Behind the scenes* of funding a tech startup
Sometimes it seems as though everyone has an idea for an app or a tech startup but very few ever see the light of day.
That’s because tech startups are tough. Not only do you need a ripper idea, you need to make it happen, which takes a lot of hard work, sacrifice and usually, a fair bit of money too. And that’s just to build it.
In this article, we tell the story of Sydney based Piiq Digital, looking behind the scenes* of funding a tech startup.
* Or in this case, behind the mirror.
The problem with hairdressing …
Is that it’s old school. It’s based on memory, photos and notes about what colour you had last time. Sydney based hair stylist Richard Kavanagh knew this all too well.
“Ninety-five per cent of hairdressers believe they do a proper consultation, but only 7 per cent of clients believe they get one,” Richard said.
“People always come into salons and say they want what they had last time or they want to look like a celebrity from a magazine. But most people have no way of knowing if that will suit them, and even if the hair stylist knows that it won’t, it can be a difficult conversation to have.”
Where there’s an old school problem, there’s usually a tech solution. Which is exactly what Richard, and another Richard (last name Matthewman) with a technology background came up with in the form of Piiq Digital – the world’s first virtual mirror for hair salons.
How it works
Piiq Digital is an app that can be used either on a specially provided smart mirror or on an ipad or tablet, which shows what you’ll look like with different hair styles and colours.
The clever use of tech starts by asking questions to understand your lifestyle and personality. Then it analyses 120 measurements of your face before showing you hair styles of celebrities who are your facial match. You can blink your eyes to see different colours too. The hair stylist then does a textural analysis of your hair and enters the information into the app, which finalises what will work for you.
Crucially, the app also solves the cringeworthy problem that most hair stylists face when trying to sell products. The app recommends products that will help you maintain the hair style you choose and you can order through the tablet and collect at the counter.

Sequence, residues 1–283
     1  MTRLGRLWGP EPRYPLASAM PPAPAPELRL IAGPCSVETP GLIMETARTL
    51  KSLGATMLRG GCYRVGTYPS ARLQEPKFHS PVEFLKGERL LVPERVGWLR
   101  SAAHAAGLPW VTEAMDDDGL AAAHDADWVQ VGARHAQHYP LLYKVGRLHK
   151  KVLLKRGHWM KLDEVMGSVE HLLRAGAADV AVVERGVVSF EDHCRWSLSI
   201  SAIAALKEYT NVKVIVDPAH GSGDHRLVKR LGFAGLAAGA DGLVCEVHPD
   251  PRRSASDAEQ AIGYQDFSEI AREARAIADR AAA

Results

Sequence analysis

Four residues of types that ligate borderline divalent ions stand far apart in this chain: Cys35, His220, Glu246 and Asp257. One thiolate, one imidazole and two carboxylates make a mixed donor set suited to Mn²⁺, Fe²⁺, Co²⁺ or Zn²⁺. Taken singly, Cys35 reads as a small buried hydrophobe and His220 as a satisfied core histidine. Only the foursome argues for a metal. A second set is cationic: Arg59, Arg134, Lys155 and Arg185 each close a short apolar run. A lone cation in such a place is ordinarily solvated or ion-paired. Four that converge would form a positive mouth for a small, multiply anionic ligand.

Finally, the virtual mirror takes a 360 degree photo of your new hair style to store in the salon’s records for next time.
Great idea – now what?
Armed with a great idea, the two Richards along with David Mannah – another hair industry expert and owner of M Division (a hair industry media company) – looked at how they could make it happen.
Like most startups, they began by bootstrapping – using their own funds – as well as convincing friends and family to back them. But that wouldn’t be enough to build a tech product.
Mike introduced them to several funding sources including grants, the R&D tax incentive and its forward funding options. With these sources of funding, he was able to secure them almost $1 million towards building their product and getting traction in their market without giving up any equity in their startup in the early stages.
Richard said this support was vital and somewhat unexpected.
“It’s been crucial in giving us breathing space to build our product. It’s very different to an accounting role. Mike has really leaned into our business, helping us expand and juggle our cash needs so we can keep growing and scaling.”
Scaling a tech startup
With their product ready and already in some hair salons in Australia and New Zealand, the Piiq team needed more funding to really scale up.
So along with a sophisticated funding model and support from Mike, they recently raised venture capital through King River and Marinya Capital.
Anyone who has tried or successfully raised venture capital knows it’s no small feat, with an often exhaustive pitching and due diligence process.
But with that behind them, the team at Piiq is poised to transform trips to the hairdresser worldwide with orders already coming in from around the globe, including London, New York, Canada, Europe, Asia and South Africa.
We look forward to taking another look into this tech startup’s story down the track.
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Meet John Nixon. Great at using the R&D Tax Incentive, grants and financial planning to help startups and SMEs. Not great at surviving on a desert island.